Your firm would not be excluded from submitting a proposal in response to this invitation. In fact we would welcome such a proposal. On the other hand it is only fair to advise you that we have had considerable expressions of interest in this matter from U.S. companies. The number of sealskins available for this purpose will necessarily limit the number of firms that can participate.

We have developed no formulas for the cost incentive feature of the proposals. It is intended that the proposer initiate this feature; however, this is a matter which would be subject to negotiation.

Although you have been provided previously with a copy of the invitation for proposals (CF-8-35), we are enclosing herewith an additional copy.

Sincerely yours,

(Signed)

DONALD L. McKERNAN,

Director.

DONALD L. McKERNAN, Esq.,

The Director, Bureau of Commercial Fisheries,

C. W. MARTIN & SONS, LTD.,
London E.C. 4, May 13, 1965.

U.S. Department of the Interior, Washington, D.C., U.S.A.

DEAR MR. MCKERNAN: With reference to your letter dated April 28, 1965, I am enclosing herewith our proposals which I trust you will find of interest, and I shall be obliged if you will kindly pass these to the Bureau of Commercial Fisheries, Division of Resource Development, room 3348, to conform to the final date of May 17.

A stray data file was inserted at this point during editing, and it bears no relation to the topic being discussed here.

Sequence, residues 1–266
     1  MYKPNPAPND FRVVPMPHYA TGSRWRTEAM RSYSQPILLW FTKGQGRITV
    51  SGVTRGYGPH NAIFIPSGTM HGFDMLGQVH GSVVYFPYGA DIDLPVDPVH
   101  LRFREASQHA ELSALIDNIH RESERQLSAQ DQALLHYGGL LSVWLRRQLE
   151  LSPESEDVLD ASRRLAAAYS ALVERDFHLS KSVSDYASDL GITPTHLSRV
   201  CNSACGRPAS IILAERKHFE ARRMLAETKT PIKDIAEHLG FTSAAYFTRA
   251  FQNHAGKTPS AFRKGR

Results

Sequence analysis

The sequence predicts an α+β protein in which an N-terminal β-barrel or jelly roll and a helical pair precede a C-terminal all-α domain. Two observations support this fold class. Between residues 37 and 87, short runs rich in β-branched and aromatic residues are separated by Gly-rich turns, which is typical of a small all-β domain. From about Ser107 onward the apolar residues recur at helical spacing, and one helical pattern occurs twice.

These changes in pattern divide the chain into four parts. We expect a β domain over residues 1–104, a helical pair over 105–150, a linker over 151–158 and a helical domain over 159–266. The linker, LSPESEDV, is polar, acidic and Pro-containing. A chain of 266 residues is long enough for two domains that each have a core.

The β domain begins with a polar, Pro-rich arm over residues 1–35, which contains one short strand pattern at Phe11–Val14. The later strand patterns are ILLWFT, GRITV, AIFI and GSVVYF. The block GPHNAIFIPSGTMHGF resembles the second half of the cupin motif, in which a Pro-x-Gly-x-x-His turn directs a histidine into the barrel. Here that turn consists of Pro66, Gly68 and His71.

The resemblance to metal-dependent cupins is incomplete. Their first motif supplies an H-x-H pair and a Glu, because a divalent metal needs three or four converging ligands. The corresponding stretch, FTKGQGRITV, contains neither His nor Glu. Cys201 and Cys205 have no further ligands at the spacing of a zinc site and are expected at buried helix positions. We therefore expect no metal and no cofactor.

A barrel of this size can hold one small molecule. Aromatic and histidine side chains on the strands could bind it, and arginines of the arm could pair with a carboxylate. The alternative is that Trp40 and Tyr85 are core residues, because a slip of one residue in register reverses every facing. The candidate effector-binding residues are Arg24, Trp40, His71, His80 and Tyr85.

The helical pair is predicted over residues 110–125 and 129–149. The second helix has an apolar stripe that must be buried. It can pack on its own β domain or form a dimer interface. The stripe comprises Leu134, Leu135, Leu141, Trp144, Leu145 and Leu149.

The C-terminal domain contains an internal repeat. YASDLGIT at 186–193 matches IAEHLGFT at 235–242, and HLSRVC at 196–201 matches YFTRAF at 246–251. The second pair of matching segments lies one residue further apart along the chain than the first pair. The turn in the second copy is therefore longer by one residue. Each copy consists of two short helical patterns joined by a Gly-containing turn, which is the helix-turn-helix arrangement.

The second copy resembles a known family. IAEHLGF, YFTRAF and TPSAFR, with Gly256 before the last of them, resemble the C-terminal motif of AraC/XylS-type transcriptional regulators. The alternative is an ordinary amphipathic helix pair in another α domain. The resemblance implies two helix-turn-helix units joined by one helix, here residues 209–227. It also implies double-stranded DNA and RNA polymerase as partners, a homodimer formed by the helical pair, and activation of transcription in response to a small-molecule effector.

I shall be pleased to hear from you in due course.
Yours sincerely,

(Signed) A. S. STALBOW.

C. W. MARTIN & SONS, LTD.,
London E.C. 4, May 13, 1965.

Re research and development in processing sealskins.
JOHN A. CARVER, Esq.,

Under Secretary of the Interior,

U.S. Department of the Interior, Washington, D.C., U.S.A.

DEAR SIR: We are in receipt of your letter dated March 31, 1965.

You will no doubt agree that we do not quite fall into the same category as other firms who are invited to submit proposals, as we have been continuously processing fur seals for over a hundred years. We do feel, however, that we have a useful part to play in the promotion and general stimulation of interest in Alaska seals, and therefore propose the following basis for your consideration: (a) We guarantee a fixed minimum price for the seals to be allocated to us. (b) A fair and reasonable price to be agreed for the processing charges (in this connection we would add that we are processing other variations apart from the traditional standard process and also Lakoda).

(c) The goods after process will be sold by public auction, and we will then remit to you the price (a) plus additionally a percentage of the difference between (a) plus (b) and the net price realized in the auction.

We have made arrangements with the Hudson Bay Co., London, for the sale by auction of our processed fur seals from other sources, and the inclusion of

processed Alaska seals in the same auction would provide an interesting and internationally representative selection which could only add to the general esteem in which Alaska seals are held. This will incidentally obtain a lively and healthy competition which can only be to the benefit of the seal industry as a whole.